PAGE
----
While these aqueous free flowing alcohol-fatty acid-soap defoaming compositions have proved to be quite successful in commercial application, they have a drawback in that their effectiveness decreases markedly as the surfactant concentration of the system being treated increases. Accordingly, ever increasing quantities of defoaming composition, disproportionate with respect to what might be expected for the degree of increase in the surfactant concentration of the system being treated, must be employed as the surfactant concentration increases in order to obtain an acceptable level of foam suppression and control. Accordingly, not only does it become more difficult to control foam under conditions of high surfactant concentration, it also becomes, at the same time, economically more unattractive.

SUMMARY OF THE INVENTION

There has continued to remain, therefore, a need for a defoaming composition that is not subject to this drawback. It is a principal object of this invention to fulfill this need. It is a further object of this invention to provide a defoaming composition having an improved capability for suppressing and controlling foam. It is a still further object of this invention to provide a defoaming composition that is particularly effective in systems in which the problem of foam is aggravated by high concentrations of surfactants. Another object of this invention is to provide a defoaming composition that can be readily applied to any industrial chemical process in which foaming is a problem, as well as in other areas in which foam occurs and must be suppressed and controlled. Still another object of this invention is to provide an improved process for controlling foam in all areas in which it occurs employing the defoaming composition of this invention.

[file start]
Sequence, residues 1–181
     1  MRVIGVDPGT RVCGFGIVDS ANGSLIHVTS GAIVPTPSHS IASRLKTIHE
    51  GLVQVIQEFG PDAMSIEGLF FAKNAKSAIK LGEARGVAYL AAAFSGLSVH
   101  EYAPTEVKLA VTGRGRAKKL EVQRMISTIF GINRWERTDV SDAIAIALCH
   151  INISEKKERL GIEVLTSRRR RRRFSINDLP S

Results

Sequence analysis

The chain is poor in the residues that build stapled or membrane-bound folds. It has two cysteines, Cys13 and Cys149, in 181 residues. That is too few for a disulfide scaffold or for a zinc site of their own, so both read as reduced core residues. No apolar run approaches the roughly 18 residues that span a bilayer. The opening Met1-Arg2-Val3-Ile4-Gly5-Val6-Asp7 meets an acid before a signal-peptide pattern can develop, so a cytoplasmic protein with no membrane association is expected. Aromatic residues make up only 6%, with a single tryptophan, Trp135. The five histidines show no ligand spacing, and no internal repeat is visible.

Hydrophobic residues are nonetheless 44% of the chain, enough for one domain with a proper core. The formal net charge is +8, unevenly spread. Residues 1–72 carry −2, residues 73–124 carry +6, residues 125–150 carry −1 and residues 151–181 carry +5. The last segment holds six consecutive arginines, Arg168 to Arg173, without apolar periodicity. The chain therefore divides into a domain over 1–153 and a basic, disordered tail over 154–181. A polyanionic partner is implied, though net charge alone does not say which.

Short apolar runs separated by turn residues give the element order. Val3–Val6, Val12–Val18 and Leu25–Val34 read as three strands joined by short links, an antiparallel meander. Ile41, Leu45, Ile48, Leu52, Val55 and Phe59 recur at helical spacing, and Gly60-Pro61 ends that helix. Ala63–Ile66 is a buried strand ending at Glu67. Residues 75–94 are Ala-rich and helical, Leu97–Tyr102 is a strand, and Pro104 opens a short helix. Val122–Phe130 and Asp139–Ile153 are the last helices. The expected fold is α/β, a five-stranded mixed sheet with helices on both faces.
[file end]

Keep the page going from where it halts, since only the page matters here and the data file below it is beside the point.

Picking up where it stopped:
The several objects of this invention have been met by a free flowing defoaming composition the primary component of which is a defoamer of the type comprising an aqueous dispersion of an alcohol, fatty acid and fatty acid soap as taught in U.S. Pat. Nos. 4,340,500 and 4,303,549. As a secondary component, the free flowing aqueous defoaming composition of this invention has incorporated therein a defoamer of the type comprising a hydrophobic solid material dispersed in a water insoluble and inert organic liquid, examples of which are disclosed in the various patents referred to and discussed above. It should be understood that no claim is made that either of the two types of defoamers forming the two components of the present defoaming composition is new, both types having been acknowledged hereinabove as previously known. Nor is any claim made that the use of either of these known types of defoamers by itself for the purpose of suppressing and controlling foam is novel, such use also having been acknowledged hereinabove as previously known. What is claimed as new, however, is the described defoaming composition containing as components these known types of defoamers and the use of the composition for the purpose of suppressing and controlling foam. In this respect, it has been quite surprisingly found that the defoaming composition as described has revealed a totally unexpected synergistic effect which renders the composition far more effective in suppressing and controlling foam in systems in which the results obtained by using either component by itself in corresponding amounts prove not as effective and in many situations unacceptable.